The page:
I have the same lift installed, with 3" in the front. I also gained well over the 3" mark due to sag in the stock setup. I had an alignment done, but couldn't get it within specs (with 3" in the front).

It's a little out of my knowledge spectrum, so I wanted to ask - Is this because of the UCA limitations? The shop took a look and they mentioned that the LCA bushings needed replaced (and I agree), and that that could be part of the issue with the alignment? If new Uppers are recommended, any suggestions? I may look into a budget for new Uppers and Lowers all together, but would want to keep it "budget friendly".
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Unread 05-12-2014, 01:51 PM   #17
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Ok I just completed a 750 mile round trip journey to San Diego and have officially decided the out of spec caster doesn't affect handling enough for me to care. I think that it does wander a little more than usual, but it's so little that it could all be in my head too. That's how little it affects handling. If I didn't know something had been done to the suspension, I probably wouldn't have noticed it.
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Unread 05-20-2014, 09:45 PM   #18
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I'm close to following your lead on this lift but I have one question; what is your opinion on the ride quality before and after? all of your data is identical to mine in the "pre-lift" condition so I'm very curious what you have to say about day to day driving, cornering, speed bumps, etc... Aside from money was there a reason you went with the Bilstein's over the Radflo's?
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Unread 05-21-2014, 06:53 AM   #19
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Oh I think the ride is waaaay better than stock. It's a little bit stiffer which makes the ride around town a little more bumpy, but it more than makes up for it by not bottoming out on the bump stops anymore.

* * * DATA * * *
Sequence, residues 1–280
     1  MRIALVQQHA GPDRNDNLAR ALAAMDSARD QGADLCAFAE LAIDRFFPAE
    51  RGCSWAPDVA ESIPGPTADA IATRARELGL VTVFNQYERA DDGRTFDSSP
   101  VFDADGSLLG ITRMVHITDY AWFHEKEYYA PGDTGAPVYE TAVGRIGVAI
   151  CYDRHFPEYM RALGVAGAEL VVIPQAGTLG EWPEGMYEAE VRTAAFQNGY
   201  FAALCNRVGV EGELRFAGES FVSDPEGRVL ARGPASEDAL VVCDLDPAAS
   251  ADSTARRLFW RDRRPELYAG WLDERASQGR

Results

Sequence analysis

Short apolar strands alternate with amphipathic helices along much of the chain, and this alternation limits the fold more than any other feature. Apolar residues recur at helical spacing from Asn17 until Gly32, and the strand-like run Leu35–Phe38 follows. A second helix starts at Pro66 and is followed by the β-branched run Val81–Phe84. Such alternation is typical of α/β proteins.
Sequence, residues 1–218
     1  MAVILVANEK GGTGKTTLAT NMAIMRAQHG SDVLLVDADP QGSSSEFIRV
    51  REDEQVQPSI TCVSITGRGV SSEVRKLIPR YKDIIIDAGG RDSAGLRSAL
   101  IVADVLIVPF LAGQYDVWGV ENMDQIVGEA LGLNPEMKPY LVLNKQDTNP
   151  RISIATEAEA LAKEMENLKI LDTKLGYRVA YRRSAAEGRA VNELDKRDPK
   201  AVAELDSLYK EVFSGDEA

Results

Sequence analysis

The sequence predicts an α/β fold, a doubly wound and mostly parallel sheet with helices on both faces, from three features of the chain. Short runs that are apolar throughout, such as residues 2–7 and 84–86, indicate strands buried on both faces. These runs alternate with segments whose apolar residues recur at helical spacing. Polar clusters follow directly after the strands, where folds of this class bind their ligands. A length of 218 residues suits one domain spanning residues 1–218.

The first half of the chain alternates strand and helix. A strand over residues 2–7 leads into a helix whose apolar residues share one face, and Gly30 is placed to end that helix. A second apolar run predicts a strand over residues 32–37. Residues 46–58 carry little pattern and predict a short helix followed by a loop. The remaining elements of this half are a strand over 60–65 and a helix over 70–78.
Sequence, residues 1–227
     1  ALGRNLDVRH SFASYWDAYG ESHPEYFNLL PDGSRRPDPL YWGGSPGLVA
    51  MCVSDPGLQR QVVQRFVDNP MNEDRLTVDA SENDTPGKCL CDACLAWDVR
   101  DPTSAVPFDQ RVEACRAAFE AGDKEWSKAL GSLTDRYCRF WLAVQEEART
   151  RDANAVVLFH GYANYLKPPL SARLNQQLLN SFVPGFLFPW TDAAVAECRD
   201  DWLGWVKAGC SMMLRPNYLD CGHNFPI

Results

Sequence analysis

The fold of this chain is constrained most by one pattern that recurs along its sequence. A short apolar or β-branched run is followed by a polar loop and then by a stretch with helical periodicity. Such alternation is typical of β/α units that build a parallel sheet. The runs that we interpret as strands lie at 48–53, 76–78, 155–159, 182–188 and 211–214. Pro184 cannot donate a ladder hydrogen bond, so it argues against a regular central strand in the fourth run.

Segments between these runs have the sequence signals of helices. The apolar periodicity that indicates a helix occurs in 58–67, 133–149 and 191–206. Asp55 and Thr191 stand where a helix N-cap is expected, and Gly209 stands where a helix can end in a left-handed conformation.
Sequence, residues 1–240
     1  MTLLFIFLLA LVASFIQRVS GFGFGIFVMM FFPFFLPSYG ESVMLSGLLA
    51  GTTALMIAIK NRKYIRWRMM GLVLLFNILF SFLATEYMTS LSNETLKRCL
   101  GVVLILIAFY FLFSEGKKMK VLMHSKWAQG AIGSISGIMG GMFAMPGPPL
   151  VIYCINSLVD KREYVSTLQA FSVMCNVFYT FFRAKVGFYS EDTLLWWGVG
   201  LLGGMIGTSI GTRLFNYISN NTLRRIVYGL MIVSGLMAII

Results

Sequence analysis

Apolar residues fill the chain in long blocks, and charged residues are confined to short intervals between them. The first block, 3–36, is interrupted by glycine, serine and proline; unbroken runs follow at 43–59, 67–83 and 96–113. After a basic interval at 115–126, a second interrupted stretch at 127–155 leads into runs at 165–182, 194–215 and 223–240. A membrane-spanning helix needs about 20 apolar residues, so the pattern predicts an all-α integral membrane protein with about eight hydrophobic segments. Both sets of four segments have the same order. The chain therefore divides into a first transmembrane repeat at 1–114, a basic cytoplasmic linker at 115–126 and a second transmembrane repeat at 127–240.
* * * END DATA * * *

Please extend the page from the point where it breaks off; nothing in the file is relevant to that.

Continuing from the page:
Hitting the bump stops was down right jarring when driving over speed bumps. They help at freeway speeds too. I tow a small camper sometimes and there's a couple bridges on the way to the mountains that were always bad. Now I just float over them.

Yes, the only reason I didn't go with something more expensive is money. I'm cheap!
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Unread 05-02-2015, 03:43 PM   #20
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My first post on this forum! I recently purchased a 2007 4Runner Limited V8 and I just installed this lift on it. Thanks, Robinhood4x4, for carefully documenting and writing up your installation. Your info was extremely helpful.

I wanted to add a few comments on the installation.

Each coilover is secured at the top by three nuts. Two of the three are easy to access, but the third, in the back, is difficult. I eventually was able to loosen them with a long open-ended wrench, but for a while I didn't think I'd be able to get them. You can access these nuts from the engine compartment as well as from the wheel well, but access is not great from either route.

My lower A-arm was really really tight. Even with a 2x4, I couldn't move it down enough to gain clearance to install the coilovers until I loosened the arm-frame mounting bolts. When you do this, you might disrupt the camber adjustment, but the vehicle will needed to be aligned anyway after the installation, so I didn't worry about this too much.

In the rear, the shock absorber upper mounting nuts were difficult to remove. The problem is that the shock body rotates when you rotate the nut. I tried using a strap wrench to hold the shock body, but that didn't quite do it. I finally just cut the nuts using a Dremel tool with a cutoff wheel, which worked great.

Fitting the new rear springs was a little tricky since they are significantly longer than the stock ones. To gain enough clearance, I used the Autozone spring compressors AND used a bottle jack to help push the axle down.

The kit gave me a full 3" of lift in the rear and 4" in front (!!). I guess the stock springs were sagging. The frame is level front to rear. I installed the differential drop spacers, and the front CV angles look fine, so I'm thinking I'll stick with the full amount of lift in the front.

I also replaced the UCA's with the adjustable ones from Light Racing. Removing the UCA mounting bolts is kind of a pain, and reinstalling them requires an extra hand. I really like the UCA's, though- the caster/camber adjustment is simple and well-designed.

The ride quality has greatly improved with new kit. I think the (original) shocks were in bad shape.